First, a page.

The kangany system in colonial South and South East Asia oversaw Indian migrant labor in India, Sri Lanka, and Malaysia from the nineteenth century onwards. Kanganies played a vital role in the push and pull factors which contributed to Tamil migration to British Malaya via Tamil Nadu, India and Sri Lanka. At first glance, European intervention and the British colonial framework seem responsible for Tamil migration to Southeast Asia during the late nineteenth century onwards. However, kanganies were the vital lifeline between the colonizer and the colonized. Kanganies, as the middle men, fostered their own agency to bring Tamil labourers to Malaya by navigating the colonial system to impact colonial categorizations put onto Indian and Sri Lankan migrants to Malaysia. Government Orders and Files of the Colonial Office from the India Office London are rich primary source materials to review the kangany system. Through a comparison of this system, scholars can revisit notions of migration, diaspora, and the imagined community of the South Asian population in Malaysia. How did kanganies utilize their own agency to rise in social status (shudra caste and adi dravida caste networks) among their peers? How did sub-ethnicity (Indian Tamil, Sri Lankan Tamil, Malayalee) function as a new caste identity formation? Through a review of this system, this paper will explore how South Asian communities navigated the colonial system to change the course of their lives, leading to the development of new diasporic experience within the Indian Ocean realm. Thus, we can come to understand the dynamic dualism between the colonial system and agency. This fostered the imagined community during the kangany era of the late nineteenth century to the mid-twentieth century. Contact : k.hodelinterwal@let.ru.nl
This proposal intends to examine the role of religious communities in medieval India in shaping their natural habitat and organizing their actions concerning nature. In the wake of expanded knowledge of medieval ecosystems and the human role in them, I propose to move ahead of any one uniform textual tradition to see medieval religion as a dominant ideology for controlling natural resources via the agency of religious rituals. Medieval religious experiences and even beliefs varied from place to place and community to community. In the historical context of medieval Indian history the paper will scrutinize humans' interaction with nature which filtered through agency of religious rituals. How attitudes towards nature have differed among peoples, places and times? How the ritual meanings, people give to nature, inform their cultural, economic and political notions are some questions yet to be answered. The sources of study would be largely drawn from the medieval textual customs and local hagiographical traditions. While assessing the role of medieval religious communities towards nature one should be cautious that these communities were not guided by a conscious sense of conservation to maintain ecological balance as environmental deterioration was not on their agenda. Compassion towards nature was ingrained into the religious virtues because in the public demonstration of being pious, charitable and religious it was essential that one should be compassionate towards nature and habitat as well. The popular and elite notions regarding nature and habitat in spite of sharing common rituals, requires to be treated with different premises due to varied notions of utility and command over the natural resources. Contact : shalin1974@gmail.com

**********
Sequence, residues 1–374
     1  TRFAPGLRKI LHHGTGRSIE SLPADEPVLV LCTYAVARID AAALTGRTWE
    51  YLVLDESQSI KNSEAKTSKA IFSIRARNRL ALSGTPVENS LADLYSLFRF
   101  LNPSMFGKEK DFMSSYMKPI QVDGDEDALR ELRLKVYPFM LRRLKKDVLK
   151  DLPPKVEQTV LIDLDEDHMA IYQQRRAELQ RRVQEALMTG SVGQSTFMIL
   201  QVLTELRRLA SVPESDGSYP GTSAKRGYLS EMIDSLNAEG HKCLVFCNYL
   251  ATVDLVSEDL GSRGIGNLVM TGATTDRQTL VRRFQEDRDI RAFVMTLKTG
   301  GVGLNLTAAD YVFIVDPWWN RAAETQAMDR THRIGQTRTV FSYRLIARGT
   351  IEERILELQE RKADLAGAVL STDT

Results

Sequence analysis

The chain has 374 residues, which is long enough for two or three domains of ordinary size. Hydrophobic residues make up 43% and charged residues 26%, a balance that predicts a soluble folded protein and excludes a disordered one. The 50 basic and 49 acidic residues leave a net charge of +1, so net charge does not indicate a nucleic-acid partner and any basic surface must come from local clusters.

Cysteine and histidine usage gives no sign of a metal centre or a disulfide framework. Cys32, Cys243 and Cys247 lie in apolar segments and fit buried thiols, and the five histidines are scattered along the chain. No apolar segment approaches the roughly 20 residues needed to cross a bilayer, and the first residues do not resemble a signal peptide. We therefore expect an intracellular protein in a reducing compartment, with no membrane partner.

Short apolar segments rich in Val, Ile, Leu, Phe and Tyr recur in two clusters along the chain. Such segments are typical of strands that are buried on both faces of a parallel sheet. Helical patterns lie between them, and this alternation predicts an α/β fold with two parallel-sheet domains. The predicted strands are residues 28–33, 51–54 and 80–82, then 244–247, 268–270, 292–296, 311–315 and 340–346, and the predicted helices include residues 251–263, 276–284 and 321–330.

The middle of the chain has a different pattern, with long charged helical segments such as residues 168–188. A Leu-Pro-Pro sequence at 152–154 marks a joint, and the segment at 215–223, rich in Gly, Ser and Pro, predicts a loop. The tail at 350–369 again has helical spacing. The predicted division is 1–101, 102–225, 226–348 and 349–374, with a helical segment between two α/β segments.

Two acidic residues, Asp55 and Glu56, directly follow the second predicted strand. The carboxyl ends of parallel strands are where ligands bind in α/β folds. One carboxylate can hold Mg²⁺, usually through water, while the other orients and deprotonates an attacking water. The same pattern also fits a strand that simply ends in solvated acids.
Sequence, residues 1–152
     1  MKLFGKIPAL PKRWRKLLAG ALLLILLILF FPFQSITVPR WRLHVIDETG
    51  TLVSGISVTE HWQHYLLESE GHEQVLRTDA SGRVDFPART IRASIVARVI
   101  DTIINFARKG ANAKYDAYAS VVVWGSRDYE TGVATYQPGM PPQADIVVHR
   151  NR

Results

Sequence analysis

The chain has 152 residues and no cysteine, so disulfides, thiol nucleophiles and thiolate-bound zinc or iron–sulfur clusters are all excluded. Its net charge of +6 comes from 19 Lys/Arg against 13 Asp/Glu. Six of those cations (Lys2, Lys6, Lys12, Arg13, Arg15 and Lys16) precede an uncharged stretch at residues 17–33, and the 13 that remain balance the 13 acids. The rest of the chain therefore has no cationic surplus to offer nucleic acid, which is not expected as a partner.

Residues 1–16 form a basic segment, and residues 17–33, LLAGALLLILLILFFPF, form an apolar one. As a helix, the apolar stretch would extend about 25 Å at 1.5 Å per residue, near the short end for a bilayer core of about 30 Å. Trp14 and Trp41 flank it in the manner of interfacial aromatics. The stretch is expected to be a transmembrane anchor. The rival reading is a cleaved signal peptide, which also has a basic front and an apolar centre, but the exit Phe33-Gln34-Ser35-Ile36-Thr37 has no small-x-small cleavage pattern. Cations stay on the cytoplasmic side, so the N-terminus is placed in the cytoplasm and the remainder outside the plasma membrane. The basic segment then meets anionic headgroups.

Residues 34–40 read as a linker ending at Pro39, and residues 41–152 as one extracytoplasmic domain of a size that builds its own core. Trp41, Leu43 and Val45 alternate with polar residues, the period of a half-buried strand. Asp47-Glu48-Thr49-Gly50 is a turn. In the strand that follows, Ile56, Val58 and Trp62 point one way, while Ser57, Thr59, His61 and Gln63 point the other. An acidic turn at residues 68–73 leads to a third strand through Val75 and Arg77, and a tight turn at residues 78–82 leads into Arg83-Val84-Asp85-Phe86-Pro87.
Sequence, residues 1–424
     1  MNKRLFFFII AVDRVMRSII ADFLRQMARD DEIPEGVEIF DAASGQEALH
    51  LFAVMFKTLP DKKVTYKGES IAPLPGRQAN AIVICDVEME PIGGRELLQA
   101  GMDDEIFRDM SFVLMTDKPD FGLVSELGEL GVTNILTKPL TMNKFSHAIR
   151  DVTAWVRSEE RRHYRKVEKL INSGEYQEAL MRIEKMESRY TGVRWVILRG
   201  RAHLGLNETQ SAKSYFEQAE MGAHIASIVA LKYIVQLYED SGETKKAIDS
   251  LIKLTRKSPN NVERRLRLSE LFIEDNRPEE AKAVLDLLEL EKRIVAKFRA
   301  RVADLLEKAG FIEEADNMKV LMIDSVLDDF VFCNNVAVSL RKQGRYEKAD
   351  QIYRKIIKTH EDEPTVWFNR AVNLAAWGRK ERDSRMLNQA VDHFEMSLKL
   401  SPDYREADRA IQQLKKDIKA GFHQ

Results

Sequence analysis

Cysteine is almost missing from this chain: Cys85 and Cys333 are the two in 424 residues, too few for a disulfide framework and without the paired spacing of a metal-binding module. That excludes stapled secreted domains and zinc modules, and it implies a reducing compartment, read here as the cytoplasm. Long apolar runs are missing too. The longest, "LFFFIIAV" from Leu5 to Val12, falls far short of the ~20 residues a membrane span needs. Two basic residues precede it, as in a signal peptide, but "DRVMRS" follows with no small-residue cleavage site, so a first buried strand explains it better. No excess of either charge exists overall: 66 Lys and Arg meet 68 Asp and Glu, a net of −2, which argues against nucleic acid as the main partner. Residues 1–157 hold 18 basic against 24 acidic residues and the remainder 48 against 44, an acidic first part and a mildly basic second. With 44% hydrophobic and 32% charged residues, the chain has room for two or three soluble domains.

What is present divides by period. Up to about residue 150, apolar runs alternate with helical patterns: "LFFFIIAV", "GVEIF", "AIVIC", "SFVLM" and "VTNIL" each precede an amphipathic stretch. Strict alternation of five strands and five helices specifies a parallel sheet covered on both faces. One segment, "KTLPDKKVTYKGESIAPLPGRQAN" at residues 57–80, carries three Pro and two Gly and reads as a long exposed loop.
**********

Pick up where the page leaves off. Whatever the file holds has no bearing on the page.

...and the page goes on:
When Korea was colonized by Japan in 1910, the Japanese colonial government in Korea was keenly aware of the potential danger of Korean print media as powerful conduits for producing and disseminating anti-Japanese sentiments, so it developed modes of systematic and institutionalized censorship to control public opinion of Korean people. Under the watchful eyes of government censorship, sensitive discussions about Korean nationalism, independence, or struggle against Japan were not permitted. My presentation examines the ways in which Dong-A Ilbo (Dong-A Daily), a leading Korean newspaper, delivered to its readers anti-Japanese political messages while trying not to infuriate Japanese authorities and, accordingly, could gain a reputation as a firm advocate of Korean nationalism and independence movements under the harshly adverse climate. I argue that Dong-A Ilbo actively consumed Sun Yat-sen's image as a symbol of Chinese revolution and anti-colonial nationalism as an indirect, but effective, way of promoting Korean nationalism without greatly enraging Japanese authorities, who also had a positive view of Sun Yat-sen as a pro-Japanese politician who asserted the necessity of China's coalition with Japan to fend off Western imperialism in the East Asian region. Contact: Hyun-ho Joo - hhjoo@yonsei.ac.kr